Our wedding anniversary was this week. We don't really celebrate it anymore other than to say happy anniversary to each other and maybe buy a card, if we have extra money. The reason we don't celebrate it is because the kids and their needs usually came first and so there was no money in the budget to celebrate. However, we have been married for thirty-two years (together for 33), and we have survived the death of a child (which we understand that 9 out of 10 marriages don't) so I guess you could say we are survivors. And it sure hasn't been easy, either. Sometimes he would make me so mad and sometimes I would make him so mad, but when we stood before God and vowed til death do us part, we meant it. And when we said through richer and poorer, in sickness and in health we meant that, too.
Earlier that day I got a call from my daughter. She wanted to take us to dinner for our anniversary. She called her brother to invite him, too, but he had to work. So we did end up celebrating and having a special dinner. My kids have not only grown up, but they are maturing, too. This was the first time they initiated doing something for our anniversary. We ended up dining at the Cheesecake Factory. We had never been there before and it was a real treat.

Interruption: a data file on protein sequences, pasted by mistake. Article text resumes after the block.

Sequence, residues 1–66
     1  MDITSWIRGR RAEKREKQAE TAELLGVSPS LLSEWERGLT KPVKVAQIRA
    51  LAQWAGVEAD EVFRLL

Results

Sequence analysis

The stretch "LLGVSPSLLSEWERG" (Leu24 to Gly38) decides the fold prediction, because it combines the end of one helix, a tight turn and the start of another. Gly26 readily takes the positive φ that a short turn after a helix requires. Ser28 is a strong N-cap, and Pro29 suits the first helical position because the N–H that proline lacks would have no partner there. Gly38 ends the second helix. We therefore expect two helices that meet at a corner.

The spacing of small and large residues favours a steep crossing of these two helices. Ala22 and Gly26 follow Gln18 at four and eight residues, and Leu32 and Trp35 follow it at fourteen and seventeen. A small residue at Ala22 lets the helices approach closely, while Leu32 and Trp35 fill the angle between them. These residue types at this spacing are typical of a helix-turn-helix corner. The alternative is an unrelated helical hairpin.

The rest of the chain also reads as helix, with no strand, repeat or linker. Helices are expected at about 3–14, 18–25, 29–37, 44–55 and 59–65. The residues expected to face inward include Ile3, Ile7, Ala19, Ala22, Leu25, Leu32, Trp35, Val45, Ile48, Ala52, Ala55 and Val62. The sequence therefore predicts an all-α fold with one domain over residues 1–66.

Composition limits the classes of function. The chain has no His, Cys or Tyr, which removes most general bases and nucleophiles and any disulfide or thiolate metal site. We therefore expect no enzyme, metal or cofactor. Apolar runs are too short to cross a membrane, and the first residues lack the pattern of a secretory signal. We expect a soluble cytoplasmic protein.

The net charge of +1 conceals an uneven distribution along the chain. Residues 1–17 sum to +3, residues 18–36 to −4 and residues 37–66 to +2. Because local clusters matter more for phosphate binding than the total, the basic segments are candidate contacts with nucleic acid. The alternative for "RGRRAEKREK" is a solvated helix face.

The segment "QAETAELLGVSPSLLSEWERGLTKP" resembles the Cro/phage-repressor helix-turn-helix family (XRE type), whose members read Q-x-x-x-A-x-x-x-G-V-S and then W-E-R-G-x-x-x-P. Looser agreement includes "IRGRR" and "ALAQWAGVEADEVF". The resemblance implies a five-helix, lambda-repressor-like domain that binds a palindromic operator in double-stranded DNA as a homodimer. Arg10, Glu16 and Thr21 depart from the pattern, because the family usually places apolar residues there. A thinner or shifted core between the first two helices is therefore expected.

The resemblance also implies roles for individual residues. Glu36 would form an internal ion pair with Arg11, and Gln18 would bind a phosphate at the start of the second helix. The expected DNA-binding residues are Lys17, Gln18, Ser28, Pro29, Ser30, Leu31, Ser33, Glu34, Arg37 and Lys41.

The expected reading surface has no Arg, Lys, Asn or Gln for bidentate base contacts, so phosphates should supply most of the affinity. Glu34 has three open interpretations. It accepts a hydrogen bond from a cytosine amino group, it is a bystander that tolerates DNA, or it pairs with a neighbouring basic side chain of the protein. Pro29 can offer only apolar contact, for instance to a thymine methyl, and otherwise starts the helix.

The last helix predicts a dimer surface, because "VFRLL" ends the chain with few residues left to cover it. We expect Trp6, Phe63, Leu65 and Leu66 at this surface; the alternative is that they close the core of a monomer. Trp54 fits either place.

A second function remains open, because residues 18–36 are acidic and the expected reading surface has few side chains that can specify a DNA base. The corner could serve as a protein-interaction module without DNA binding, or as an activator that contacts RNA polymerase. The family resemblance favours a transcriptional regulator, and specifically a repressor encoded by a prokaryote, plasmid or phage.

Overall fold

So since the children have left the nest, I have been feeling a need to change my life. It's been really hard to feel good about doing something for myself since I have always done stuff for everyone else. I was in the book store one night, well, the husband was there, too and I was waiting for him and I happened to look behind me. There on the shelf was a book entitled A Year by the Sea by Joan Anderson. I picked it up because I like the beach and so I read the back cover. Basically, Joan had left her husband to spent time with herself in their cottage at Cape Cod. She describes how women never give themselves time to be with themselves and to find who they really are...or...how they were someone interesting in the beginning of their adult life but because of all the years of doing for others women have lost sight of themselves and their passions. Joan has written four books pertaining to this and she is so right on. It's especially true for women in their mid-lives, but for those who are widowers, divorcees, etc. The second book in the series is entitled An Unfinished Marriage--her and her husband reunite at the beach cottage and she talks about readjusting to each other but not losing herself and for her and her husband not to be the same as they were before. The third book is entitled A Walk on the Beach. She had met the wife of the famous psychotherapist Erik Erikson who helped her find who she is and the next to the last books is A Weekend to Change Your Life. I have never read a book that was so dead on where I am in my life today. I am now working on A Weekend to Change Your Life and I am already surprised with the results of the activities she is having me do. So I'm hoping that these books will give me a better sense of myself and help me to get out of my comfort zone. Now this is where I'm at--learning to get out of my comfort zone and find out who I really am because I have lost myself.